Regional healthcare workers hope addictions funding flows to Windsor programs

Windsor-Essex health care workers welcome a new funding initiative to expand addiction services and treatments in the province.

The province commits $33M investment toward expanding addiction services

"It's absolutely catastrophic out there right now," says Robert Sandwith, Co-founder of Hand in Hand Support. (Katerina Georgieva/CBC Windsor)

Windsor-Essex front line healthcare workers, focused on the opioid crisis are happy with an announcement made by the provincial government Wednesday morning. 

The province has committed to invest $32.7 million into annual funding for targeted addictions services and support, which includes treatment for opioid addictions. 

The funding is part of the government's commitment to invest $3.8 billion over 10 years for it's Roadmap to Wellness, a program aimed at improving mental health and addiction services in the province. 

"It's absolutely catastrophic out there right now," said Robert Sandwith, co-founder of Hand in Hand Support. 

As a frontline worker, Sandwith offers transitional support to those struggling with addiction. He said many people who seek help are in desperate need for support. 

"We're not getting phone calls just from individuals. We've always been getting them from the mothers, but we're getting calls from the sisters, the brothers, the grandparents, cousins, friends," said Sandwith.

"We're averaging sometimes two to three phone calls just for one individual and complete despair of what to do."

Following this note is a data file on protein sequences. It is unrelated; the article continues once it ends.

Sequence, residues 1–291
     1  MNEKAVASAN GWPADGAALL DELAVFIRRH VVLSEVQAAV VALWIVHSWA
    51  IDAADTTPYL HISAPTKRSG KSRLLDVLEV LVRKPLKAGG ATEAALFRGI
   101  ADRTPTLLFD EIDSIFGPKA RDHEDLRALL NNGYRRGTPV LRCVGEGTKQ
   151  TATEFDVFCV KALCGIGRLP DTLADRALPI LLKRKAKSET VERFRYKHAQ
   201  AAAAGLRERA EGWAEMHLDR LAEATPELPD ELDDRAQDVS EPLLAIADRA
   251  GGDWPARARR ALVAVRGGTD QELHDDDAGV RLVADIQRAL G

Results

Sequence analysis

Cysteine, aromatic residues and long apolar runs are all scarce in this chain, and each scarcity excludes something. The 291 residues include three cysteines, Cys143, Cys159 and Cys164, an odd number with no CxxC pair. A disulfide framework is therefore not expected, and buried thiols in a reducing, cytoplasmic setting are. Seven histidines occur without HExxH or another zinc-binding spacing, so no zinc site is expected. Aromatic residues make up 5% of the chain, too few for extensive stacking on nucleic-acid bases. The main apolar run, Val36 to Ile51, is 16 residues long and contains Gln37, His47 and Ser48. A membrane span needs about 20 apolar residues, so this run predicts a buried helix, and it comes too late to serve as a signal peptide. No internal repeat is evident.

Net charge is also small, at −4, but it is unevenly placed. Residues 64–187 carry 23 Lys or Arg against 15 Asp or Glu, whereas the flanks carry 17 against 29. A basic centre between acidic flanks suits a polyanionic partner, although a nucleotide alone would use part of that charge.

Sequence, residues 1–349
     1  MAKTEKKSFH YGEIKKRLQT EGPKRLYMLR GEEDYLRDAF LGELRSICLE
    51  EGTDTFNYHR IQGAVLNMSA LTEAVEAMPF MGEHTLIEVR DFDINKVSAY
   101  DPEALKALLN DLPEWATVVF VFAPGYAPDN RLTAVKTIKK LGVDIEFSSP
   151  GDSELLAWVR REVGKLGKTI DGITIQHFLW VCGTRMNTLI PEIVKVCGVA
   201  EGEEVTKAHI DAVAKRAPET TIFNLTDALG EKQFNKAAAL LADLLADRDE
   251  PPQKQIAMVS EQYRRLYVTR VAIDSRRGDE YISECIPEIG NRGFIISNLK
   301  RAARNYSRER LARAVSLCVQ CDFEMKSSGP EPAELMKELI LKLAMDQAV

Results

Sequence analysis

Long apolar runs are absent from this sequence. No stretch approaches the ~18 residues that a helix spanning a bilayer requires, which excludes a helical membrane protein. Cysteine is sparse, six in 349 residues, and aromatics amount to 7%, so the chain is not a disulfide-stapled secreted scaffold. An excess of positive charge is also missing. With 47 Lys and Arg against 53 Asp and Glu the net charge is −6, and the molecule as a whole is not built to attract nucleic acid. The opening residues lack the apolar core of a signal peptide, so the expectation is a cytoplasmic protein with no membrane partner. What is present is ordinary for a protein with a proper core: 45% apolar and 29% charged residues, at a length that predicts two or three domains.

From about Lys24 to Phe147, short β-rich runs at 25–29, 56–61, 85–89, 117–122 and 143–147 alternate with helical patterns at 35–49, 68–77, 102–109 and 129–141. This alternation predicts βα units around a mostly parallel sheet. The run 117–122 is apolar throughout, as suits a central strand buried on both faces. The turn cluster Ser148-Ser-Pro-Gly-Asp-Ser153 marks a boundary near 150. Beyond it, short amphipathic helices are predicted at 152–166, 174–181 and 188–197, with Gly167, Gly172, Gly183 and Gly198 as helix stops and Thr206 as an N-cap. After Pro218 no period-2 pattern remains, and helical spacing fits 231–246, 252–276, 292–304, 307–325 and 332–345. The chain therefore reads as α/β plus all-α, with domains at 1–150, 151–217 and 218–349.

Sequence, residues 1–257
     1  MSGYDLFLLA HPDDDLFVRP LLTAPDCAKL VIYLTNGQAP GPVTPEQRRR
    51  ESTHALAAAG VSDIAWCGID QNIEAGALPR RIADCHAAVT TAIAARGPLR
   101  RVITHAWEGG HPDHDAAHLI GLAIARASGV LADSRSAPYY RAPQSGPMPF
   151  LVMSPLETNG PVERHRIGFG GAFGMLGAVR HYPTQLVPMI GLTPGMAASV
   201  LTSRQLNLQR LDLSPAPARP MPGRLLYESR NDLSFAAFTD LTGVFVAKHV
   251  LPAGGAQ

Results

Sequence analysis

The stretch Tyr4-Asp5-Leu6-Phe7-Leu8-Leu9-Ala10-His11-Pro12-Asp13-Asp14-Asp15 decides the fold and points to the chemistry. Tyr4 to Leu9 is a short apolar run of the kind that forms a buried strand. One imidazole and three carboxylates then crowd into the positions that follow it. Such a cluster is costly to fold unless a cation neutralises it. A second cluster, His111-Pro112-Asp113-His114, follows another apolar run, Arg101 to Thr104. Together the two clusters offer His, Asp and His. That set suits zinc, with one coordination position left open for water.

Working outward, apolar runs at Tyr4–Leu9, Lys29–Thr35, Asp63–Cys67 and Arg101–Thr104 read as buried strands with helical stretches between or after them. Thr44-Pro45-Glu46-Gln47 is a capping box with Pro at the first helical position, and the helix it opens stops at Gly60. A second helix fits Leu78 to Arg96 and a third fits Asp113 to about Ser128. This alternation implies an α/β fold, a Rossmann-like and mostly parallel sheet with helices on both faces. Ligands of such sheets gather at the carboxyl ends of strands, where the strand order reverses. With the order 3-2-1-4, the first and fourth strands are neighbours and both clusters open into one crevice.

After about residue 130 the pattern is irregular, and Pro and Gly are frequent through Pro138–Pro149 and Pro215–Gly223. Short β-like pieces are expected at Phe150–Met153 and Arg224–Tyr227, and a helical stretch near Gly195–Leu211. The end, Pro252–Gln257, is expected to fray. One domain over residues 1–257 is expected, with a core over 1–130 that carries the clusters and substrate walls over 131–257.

A close up picture of fentanyl tablet split in half with powder showing.
A file photo of close up of fentanyl tablet split in half with powder showing. (CBC)

Overdoses have risen significantly over the last year in Windsor-Essex. 

According to Adrienne Spafford, CEO of mental health and addictions Ontario,the province lost 2,426 people to overdose-related deaths.

In Windsor-Essex, there were 348 overdoses in 2020, compared to 249 in 2019. Last year 64 lives were lost to opioid overdoses, compared with 48 the previous year.

'Poor cousin to mental health'

Patrick Kolowicz, the director for mental health and addictions at Hotel-Dieu Grace Healthcare (HDGH) welcomes the dedicated funding for addiction services. 

"We know that within addiction, we need a continuum of service options for people, and so that means some investments in many different areas," said Kolowicz. "So we're happy to hear this news."

Kolowicz said addiction services have been referred to as the 'poor cousins to mental health' in the past. 

"It's alluding to the fact that it doesn't receive that much attention or funding as mental health," said Kolowicz.

Through the Roadmap to Wellness initiative, funding has been sent to the region already. 

According to Kolowicz, Hotel-Dieu has established an EMS response program for those who overdose on the street, investments in the hospital's withdrawal services  as well as a Most Van. 

"So that's a van that is mobile and tries to assist people where they're at in terms of providing the support to them on the streets," said Kolowicz. 

The province aims to put the money toward supports for prevention, recovery, transitions and treatments. Hand in Hand Support - a group supported by donations - hopes to see some of the money flow to them. 



With files by Katerina Georgieva